Litigation funding continues to produce good outcomes for plaintiffs in need of financing, and the US Chamber of Commerce continues to complain about litigation funding. A recent example of funding by Burford highlights that litigation funding can be great for a business facing unfair actions by a another business (which may be why the Chamber dislikes funding). And, "big law" (Simpson Thacher) happily used the funding to represent its client, after introducing the client to Burford. The latest examples are set out below from a DealBook article by William Alden.
"In one recent case, Burford backed a real estate developer in Arizona that claimed that a rival had tried to block one of its residential projects. The developer, the Gray Development Group, had hired Barry R. Ostrager, a prominent partner at Simpson Thacher. When the real estate collapse left Gray facing a cash shortage, Mr. Ostrager introduced his client to Burford.
A $6 million infusion from Burford helped Gray pursue a case that resulted in a $110 million award from a jury, according to Bruce Gray, the company’s chairman. With the potential for appeal, the two parties later settled, and Burford stands to get an $18 million payday, Mr. Gray said.
For companies that invest in Burford — institutions like Fidelity and Invesco — such returns have been lucrative at a time when hedge funds and private equity firms have been posting disappointing results. Juridica Capital Management, which has about $200 million under management, reported that 2011 profit increased nearly sevenfold from the year earlier. Burford, with about $300 million under management, posted a tenfold rise in profit in 2011, its second full year of existence.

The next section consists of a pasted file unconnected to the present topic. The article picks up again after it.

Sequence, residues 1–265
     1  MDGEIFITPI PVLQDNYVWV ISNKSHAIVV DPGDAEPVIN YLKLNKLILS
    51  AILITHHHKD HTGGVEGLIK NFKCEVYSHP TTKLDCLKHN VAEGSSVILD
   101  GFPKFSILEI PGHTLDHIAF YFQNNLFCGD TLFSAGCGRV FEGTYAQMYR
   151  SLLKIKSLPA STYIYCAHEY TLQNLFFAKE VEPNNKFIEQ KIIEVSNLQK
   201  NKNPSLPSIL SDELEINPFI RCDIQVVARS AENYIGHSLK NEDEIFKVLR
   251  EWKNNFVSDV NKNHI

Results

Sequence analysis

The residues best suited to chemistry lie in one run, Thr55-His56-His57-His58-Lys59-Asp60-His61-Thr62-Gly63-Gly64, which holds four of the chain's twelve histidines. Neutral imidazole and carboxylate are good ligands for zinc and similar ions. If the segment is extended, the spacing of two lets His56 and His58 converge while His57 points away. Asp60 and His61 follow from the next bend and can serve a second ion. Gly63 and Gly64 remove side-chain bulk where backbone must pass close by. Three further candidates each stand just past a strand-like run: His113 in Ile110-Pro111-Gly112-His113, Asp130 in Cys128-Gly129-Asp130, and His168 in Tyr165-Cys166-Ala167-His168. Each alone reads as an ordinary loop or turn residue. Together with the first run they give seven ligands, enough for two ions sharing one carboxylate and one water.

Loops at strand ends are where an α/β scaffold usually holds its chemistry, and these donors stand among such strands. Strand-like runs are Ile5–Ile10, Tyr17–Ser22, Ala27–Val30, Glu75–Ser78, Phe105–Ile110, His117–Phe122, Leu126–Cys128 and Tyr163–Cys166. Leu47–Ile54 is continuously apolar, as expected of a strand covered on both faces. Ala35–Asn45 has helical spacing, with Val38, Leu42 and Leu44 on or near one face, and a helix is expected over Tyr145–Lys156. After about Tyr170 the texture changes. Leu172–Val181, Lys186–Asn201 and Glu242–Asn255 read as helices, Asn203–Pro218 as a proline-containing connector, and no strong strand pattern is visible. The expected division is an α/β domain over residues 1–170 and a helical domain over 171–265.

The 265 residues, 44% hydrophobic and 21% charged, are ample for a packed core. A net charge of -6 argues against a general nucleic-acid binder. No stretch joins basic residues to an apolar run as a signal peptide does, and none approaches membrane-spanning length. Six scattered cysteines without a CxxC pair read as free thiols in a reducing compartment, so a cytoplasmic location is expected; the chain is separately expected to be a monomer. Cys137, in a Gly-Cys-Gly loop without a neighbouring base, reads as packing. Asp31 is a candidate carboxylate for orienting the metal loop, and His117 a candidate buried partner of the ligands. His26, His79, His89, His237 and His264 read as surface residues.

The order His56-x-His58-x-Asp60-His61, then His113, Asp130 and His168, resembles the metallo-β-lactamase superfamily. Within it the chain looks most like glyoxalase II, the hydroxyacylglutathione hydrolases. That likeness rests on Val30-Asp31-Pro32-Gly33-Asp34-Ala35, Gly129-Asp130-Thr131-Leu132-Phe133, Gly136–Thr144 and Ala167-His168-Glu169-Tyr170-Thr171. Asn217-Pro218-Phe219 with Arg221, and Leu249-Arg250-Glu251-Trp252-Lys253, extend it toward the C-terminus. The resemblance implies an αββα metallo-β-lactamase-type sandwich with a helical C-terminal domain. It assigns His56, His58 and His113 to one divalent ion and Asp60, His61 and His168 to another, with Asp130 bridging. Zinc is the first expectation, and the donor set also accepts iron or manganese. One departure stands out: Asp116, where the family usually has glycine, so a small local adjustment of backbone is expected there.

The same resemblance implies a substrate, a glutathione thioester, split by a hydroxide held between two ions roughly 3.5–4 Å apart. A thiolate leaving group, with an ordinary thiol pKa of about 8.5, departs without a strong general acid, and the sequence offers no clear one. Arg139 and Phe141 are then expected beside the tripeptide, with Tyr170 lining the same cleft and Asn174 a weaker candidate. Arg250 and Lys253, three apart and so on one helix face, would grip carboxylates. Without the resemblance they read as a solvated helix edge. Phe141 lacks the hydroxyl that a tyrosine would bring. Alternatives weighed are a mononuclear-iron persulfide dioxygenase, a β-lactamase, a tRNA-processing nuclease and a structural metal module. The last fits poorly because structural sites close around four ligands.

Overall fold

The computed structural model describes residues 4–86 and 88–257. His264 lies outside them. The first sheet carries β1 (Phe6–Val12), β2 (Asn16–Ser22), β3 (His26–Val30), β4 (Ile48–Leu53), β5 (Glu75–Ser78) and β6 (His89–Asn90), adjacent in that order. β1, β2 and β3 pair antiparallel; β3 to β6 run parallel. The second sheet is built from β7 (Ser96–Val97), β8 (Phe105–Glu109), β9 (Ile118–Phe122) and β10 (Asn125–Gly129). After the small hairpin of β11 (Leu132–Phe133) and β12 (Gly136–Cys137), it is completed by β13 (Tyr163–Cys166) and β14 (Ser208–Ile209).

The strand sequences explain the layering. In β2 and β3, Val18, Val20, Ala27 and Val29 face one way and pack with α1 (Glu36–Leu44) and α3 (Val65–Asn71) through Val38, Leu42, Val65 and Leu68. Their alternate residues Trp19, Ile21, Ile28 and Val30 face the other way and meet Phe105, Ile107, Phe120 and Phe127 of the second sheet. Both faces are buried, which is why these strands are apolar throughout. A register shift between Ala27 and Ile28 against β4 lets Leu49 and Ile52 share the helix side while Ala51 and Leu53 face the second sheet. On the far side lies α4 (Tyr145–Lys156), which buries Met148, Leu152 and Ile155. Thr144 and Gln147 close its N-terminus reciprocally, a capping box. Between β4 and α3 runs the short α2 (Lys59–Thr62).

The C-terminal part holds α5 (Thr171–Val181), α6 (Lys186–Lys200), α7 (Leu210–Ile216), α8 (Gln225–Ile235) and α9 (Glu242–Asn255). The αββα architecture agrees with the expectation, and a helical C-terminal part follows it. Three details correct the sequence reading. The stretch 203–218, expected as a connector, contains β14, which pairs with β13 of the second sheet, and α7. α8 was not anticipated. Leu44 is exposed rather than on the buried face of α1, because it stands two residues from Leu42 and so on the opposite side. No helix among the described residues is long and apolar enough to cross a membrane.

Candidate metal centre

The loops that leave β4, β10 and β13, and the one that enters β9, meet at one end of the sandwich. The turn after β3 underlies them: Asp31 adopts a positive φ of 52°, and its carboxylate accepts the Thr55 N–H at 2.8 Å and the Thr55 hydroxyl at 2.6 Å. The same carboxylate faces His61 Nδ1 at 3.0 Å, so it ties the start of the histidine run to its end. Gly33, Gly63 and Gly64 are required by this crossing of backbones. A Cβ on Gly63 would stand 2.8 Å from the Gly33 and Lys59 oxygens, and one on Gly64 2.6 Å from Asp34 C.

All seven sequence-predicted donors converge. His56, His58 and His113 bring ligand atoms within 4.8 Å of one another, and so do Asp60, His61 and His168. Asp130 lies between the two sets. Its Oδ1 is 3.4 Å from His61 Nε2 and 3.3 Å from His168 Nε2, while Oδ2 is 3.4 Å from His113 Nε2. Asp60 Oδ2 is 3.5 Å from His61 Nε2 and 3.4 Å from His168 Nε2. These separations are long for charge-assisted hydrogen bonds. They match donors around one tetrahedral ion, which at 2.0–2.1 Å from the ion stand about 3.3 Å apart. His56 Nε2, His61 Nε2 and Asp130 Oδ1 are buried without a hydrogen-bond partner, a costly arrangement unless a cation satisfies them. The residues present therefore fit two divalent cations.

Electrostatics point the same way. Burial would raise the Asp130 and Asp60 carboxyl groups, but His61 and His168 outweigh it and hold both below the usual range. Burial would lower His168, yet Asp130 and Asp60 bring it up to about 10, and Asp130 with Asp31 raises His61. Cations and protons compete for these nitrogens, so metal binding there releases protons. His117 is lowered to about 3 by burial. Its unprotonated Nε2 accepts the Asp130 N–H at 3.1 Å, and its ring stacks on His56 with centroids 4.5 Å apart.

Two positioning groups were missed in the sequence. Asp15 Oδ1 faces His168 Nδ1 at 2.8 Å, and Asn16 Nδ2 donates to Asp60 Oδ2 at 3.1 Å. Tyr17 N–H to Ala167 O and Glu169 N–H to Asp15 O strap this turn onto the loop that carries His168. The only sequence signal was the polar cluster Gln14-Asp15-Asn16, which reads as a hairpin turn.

But some business leaders have questioned the value of the litigation financing industry, said Lisa A. Rickard, president of the Institute for Legal Reform at the United States Chamber of Commerce. A third-party investor, she said, can affect a company’s legal strategy, potentially to its detriment. The American Bar Association recently issued a report that outlined the risks of litigation financing but did not condemn the practice.
John H. Beisner, a partner at the law firm Skadden, Arps, Slate, Meagher & Flom, who has been retained by the United States Chamber of Commerce, testified last year before the House of Representatives that litigation financing could encourage frivolous lawsuits.
“The whole theory is to take the legal system and turn it into a stock market,” Mr. Beisner said in an interview."